St. Louis and San Francisco 4-8-4 4516 built by Baldwin in 1943. When the Frisco completed the dieselisation of its locomotive fleet, it placed several 4500s in storage at Fort Scott, Kansas, including 4516, which had made its last revenue run on 29th November 1951. By 1956, it was apparent there would be no need to recall to duty any of the inactive steam locomotives, and three of the 4500s were scrapped in Fort Scott. During 1958, 4516 was sold for $1.00 to the Missouri State Fair Association. Fort Scott shop men cleaned and painted the steam engine, which was turned over to the Katy to deliver to the State Fair Grounds.

Old Smokie Frisco Engine history board.

Missouri Pacific caboose 12073 built by the railroad in 1955. Our next stop was the Tails End railroad display.

Union Pacific Railway stock car 701.

Railroad pump hand car.

Pacific Railroad drovers caboose 11.

A velocipede is also on display.

A working windmill.

New Philadelphia & Reading Coal & Iron 0-4-0T 91, ex. Morris County Central Railroad at Whippany, New Jersey 1968, exx. moved to Newfoundland, New Jersey, exxx. sold to Anthony Citro, built by H.K. Porter in 1925. It was originally built as an 0-4-0T then converted to a 0-4-2 in Kinnelon, New Jersey before being converted back to a 4-4-0 in 2014.

The Trail's End water tower.

The whole train display.

Cattle and a cowboy.

End of the Trail sign.

We left the fairgrounds and on the way to the hotel, passed Delaware Lackawanna and Western "Low Roof" multiple-unit trailer coach 3xx built by Pullman in 1930 which is a restaurant. We went to Colton's Steakhouse where I enjoyed top sirloin and Elizabeth a loaded chicken breast. After a good meal, we checked in the Best Western Inn for the night.

9/13/2023We arose and had breakfast at the International House of Pancakes where we both had waffles then drove to Warrensburg.

Missouri Pacific Warrensburg station built in 1890 from sandstone in the Richardsonian Romanesque style. It has seen several remodels and enlargements, the most recent major change being in 1984 when the baggage section and loading platform were added. The station houses the Warrensburg Chamber of Commerce visitors center and is also a stop on Amtrak's Missouri River Runner.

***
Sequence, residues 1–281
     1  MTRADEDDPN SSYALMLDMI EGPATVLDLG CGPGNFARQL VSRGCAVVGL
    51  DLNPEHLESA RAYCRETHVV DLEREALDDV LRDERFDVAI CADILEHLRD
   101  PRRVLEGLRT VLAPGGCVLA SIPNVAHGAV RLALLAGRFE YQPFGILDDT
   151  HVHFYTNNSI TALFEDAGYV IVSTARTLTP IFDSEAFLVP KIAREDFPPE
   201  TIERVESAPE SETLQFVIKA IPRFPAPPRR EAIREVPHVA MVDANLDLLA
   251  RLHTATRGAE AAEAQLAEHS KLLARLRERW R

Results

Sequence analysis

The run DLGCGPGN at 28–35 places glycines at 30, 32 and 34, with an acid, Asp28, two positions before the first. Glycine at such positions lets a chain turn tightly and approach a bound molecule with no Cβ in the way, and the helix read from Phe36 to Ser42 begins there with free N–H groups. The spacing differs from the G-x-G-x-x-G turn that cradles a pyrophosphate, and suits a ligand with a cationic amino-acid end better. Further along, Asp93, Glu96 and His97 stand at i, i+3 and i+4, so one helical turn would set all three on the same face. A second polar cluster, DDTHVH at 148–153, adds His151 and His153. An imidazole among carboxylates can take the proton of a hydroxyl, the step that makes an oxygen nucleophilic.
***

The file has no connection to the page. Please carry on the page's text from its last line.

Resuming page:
We next drove to Pleasant Hill.

Missiouri Pacific Pleasant Hill station built in 1903.

Missouri Pacific caboose 13543 built by International Car in 1973.

As we were getting ready to leave, Amtrak's Missouri River Runner train 311 came through with Siemens Charger SC-44 4621, dinette 481651, Venture coaches 4263, an unknown coach, Midwest Venture Business Class 4029, Viewliner baggage 61025 and baggage 600212. We then made our way to Cleveland.

Kansas City Southern Cleveland station which has been relocated. Our next stop was Grandview.

Kansas City Southern Grandview station built in 1912 and is now a museum, featuring artifacts, displays, historical photographs and antiques.

Missouri Pacific caboose 13068 built by the railroad. Elizabeth then navigated us across the state line to Bonner Springs, Kansas.

Union Pacific caboose 25271, nee Union Pacific 3971, built by the railroad in 1952 and donated to Agricultural Hall of Fame in 1989.

Santa Fe station from Morris, Missouri, 8.8 miles away and is part of the Agricultural Hall of Fame. More of Elizabeth's navigation resulted in our last station of the day.

Union Pacific Tonganoxie station. Built in 1868 on the Leavenworth branch of the Union Pacific, it is reportedly the oldest railroad depot in Kansas still at its original location. The trackage was abandoned in 1977.

I then drove us to Topeka and we checked into the Baymont Inn then later walked over to Cracker Barrel where I had the roast beef and Elizabeth enjoyed their chicken pot pie. After dinner I worked on stories before we called a night.

9/13/2023 A good night's sleep was had and Perkins served us breakfast, with me enjoying a waffle with sausage and Elizabeth a Denver Omelette before we drove to the Great Overland Station. We had visited last year but were there before they opened. So we made sure to arrive after opening, paid our admission and toured this incredible station.